Small business resources are tight and focusing those limited resources into the projects and initiatives that produce desired results can be tricky. Conversion Rate Optimization (CRO) is one of those business initiatives that can drive significant improvements to your bottom line.

What Is It & Who’s It For?

Conversion Rate Optimization (CRO) is the process of increasing the percentage of visitors to a website (or mobile app) that take a desired conversion action. Examples of conversion actions include: signing up for a newsletter, downloading or requesting a resource (ebooks, whitepapers, case studies, etc.), contacting your business via a form or phone call, or registering for an event (webinar, demo, tradeshow, etc.).

CRO is traditionally accomplished through A/B tests in which an original and variation of your website or webpage (often called a landing page) are tested and compared. A typical test might include changing headlines, content, forms, or call-to-action buttons for your desired conversion action (ebook download, contact form submission, etc.).

CRO is for any business who wants to increase the rate at which their website (or mobile app) visitors convert. One important caveat to keep in mind is that your website must have visitors in order to test an original version vs. a variation. Depending on the number of visitors you attract for a particular landing page being tested, it may take a few weeks or more to reach statistical significance with your test data (the amount of visitors needed for a conclusive test to declare a winner–the original or variation).

The Tools

There are a number of tools and software that can be used for CRO. Visual Website Optimizer and Optimizely are both excellent choices. Specifically, we work with and recommend Optimizely because of its ease of use and functionally. If you are just starting out, the free 30-day trial option and Standard pay-as-you-go pricing will work great for most of your needs.

Enhancing Engagement

One of the key benefits of CRO is the ability to drive higher engagement with your visitors and ultimately customers. As you begin to hypothesize your CRO experiments, a good first step is to list your landing pages in order of importance and see which page has a high bounce rate. Having a high bounce rate, the rate at which visitors immediately leave the page, can suggest the page may be confusing, is not clear and concise, or provides a generally poor user experience. All of which can be improved using a simple framework for assessing and testing landing pages which will discuss later on.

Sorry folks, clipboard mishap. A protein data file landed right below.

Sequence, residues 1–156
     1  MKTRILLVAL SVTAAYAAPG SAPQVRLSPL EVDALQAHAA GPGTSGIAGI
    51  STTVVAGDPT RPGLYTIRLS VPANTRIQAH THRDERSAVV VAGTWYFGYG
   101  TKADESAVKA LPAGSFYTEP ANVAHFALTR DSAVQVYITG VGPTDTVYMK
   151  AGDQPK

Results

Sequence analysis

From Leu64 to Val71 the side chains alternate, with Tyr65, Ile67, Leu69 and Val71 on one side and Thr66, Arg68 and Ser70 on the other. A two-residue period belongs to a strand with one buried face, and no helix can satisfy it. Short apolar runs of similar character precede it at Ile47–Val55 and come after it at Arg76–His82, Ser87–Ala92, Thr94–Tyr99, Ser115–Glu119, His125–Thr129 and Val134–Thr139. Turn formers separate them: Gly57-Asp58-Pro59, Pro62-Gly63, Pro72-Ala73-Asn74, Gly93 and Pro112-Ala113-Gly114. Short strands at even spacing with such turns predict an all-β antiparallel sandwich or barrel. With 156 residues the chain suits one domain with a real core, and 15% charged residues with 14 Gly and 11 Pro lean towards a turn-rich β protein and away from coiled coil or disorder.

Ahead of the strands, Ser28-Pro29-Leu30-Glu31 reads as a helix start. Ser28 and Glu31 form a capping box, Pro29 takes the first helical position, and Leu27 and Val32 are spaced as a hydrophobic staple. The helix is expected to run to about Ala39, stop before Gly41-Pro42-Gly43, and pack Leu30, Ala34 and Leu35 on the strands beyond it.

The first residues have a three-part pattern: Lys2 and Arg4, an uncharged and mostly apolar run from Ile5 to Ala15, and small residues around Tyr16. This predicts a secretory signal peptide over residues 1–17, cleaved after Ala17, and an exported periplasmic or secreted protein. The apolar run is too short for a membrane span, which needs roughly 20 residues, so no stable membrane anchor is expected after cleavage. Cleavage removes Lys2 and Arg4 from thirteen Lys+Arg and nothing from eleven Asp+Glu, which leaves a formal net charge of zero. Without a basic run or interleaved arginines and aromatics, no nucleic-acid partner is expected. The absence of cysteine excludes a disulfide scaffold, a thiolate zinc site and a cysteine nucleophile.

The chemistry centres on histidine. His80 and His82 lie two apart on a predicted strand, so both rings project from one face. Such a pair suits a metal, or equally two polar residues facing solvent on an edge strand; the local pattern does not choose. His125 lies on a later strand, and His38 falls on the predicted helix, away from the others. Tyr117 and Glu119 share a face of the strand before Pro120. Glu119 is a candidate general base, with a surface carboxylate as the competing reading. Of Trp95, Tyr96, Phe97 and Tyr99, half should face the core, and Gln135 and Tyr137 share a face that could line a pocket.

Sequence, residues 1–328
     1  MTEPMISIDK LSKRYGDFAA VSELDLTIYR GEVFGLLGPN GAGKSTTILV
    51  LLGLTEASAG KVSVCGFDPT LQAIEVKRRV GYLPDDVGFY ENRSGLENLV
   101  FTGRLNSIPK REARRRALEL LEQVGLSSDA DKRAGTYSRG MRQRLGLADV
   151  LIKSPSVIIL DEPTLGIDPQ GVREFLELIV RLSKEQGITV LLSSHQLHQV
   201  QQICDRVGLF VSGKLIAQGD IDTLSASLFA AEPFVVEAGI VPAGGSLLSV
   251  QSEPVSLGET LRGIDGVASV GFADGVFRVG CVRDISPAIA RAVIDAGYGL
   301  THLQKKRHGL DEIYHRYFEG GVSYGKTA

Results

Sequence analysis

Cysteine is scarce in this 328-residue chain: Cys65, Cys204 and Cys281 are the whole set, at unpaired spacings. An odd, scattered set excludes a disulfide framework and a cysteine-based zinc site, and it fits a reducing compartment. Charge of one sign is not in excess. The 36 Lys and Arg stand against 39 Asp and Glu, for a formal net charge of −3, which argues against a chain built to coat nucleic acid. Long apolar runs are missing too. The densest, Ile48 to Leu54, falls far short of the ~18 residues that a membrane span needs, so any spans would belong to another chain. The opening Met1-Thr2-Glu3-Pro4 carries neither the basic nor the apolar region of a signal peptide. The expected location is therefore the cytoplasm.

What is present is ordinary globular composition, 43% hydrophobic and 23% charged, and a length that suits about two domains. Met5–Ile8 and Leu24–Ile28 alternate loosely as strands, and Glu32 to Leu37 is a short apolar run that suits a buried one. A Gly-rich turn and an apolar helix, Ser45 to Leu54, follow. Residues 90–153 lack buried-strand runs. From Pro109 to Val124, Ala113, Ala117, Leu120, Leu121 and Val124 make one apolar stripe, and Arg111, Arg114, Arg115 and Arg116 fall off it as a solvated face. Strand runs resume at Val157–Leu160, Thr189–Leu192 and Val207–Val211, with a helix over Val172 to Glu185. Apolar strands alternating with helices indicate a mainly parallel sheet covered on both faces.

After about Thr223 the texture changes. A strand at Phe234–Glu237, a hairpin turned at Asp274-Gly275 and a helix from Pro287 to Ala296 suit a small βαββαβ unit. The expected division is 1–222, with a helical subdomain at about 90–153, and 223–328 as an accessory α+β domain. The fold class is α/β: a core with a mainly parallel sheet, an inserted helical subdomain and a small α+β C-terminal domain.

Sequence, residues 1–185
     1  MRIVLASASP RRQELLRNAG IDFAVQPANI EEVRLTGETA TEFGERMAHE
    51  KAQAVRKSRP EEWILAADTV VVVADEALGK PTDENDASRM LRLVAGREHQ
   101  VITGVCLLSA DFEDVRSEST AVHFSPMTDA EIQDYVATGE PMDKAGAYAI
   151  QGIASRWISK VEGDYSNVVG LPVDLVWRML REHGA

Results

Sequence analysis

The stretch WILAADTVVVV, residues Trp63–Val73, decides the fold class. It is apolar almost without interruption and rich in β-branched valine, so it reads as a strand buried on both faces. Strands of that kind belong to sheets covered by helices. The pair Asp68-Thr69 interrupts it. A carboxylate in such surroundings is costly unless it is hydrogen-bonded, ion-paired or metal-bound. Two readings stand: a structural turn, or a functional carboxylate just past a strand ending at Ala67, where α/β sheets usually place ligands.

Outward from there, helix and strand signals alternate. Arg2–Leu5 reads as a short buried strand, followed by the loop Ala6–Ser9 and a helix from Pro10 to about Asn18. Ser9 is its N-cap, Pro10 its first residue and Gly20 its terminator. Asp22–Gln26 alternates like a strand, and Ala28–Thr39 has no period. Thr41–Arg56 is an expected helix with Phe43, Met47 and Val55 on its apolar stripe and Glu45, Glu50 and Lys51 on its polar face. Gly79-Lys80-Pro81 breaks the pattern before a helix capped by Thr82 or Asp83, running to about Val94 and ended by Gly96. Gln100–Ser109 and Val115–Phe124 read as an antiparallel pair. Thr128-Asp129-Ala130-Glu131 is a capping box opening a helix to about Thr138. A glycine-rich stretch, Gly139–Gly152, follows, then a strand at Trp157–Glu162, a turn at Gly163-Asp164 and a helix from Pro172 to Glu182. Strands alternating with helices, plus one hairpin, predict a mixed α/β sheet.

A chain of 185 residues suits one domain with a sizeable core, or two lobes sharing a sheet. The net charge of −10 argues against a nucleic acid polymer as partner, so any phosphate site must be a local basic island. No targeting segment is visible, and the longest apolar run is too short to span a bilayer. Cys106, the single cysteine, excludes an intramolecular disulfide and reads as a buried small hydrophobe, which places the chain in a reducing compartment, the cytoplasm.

A helpful tool for evaluating your landing pages is Google Analytics (a free tool every small business owner should use to measure critical metrics: website visitors and the channels they use to discover and engage on your website). Once logged into Google Analytics, in the left-hand menu, navigate to Behavior -> Landing Pages. Here we can review all landing pages and also filter them by bounce rate and conversions. The sweet spot for CRO is identifying the landing pages that drive important conversions, but have a high bounce and low conversion rate.

Screenshot of Google Analytics

Driving Higher Success Metrics

Once you have selected a landing page for CRO, the next step is to apply a simple framework for evaluating the landing page and constructing your test. One CRO framework we recommend is the LIFT Model by WiderFunnel.
LIFT Model

LIFT Model by WiderFunnel

The LIFT Model operates on a basic CRO principle which is that you should always strive to reduce conversion friction through improving clarity and simplicity.

With a solid framework, you can now move on to developing your hypothesis, which essentially boils down to the specific landing page elements you want to test (headlines, forms, buttons, colors, etc.). For example, if your landing page is designed to drive leads via ebook downloads and your form has too many fields requesting name, email, address, and phone number in order to download, you are probably leaving leads on the table. In this example, you might remove some of the unnecessary fields and simply stick to the basics: name and email.

As you begin to incorporate CRO into your website and marketing strategy, you can begin to improve the success metrics that matter most to your business. If ebook download leads are a key success metric, focus on the landing pages and elements that directly influence that metric. If contact us form submissions are a key success metric, focus on the landing pages and elements that drive this metric.

As you continue to progress down the CRO path, you will gain valuable insights into your target market and messaging. Lessons learned from CRO on your website can ultimately be applied to your other marketing initiatives, such as how a certain ebook, call-to-action, or message resonated with your audience can be implemented into your blog content strategy.

Darin Brooks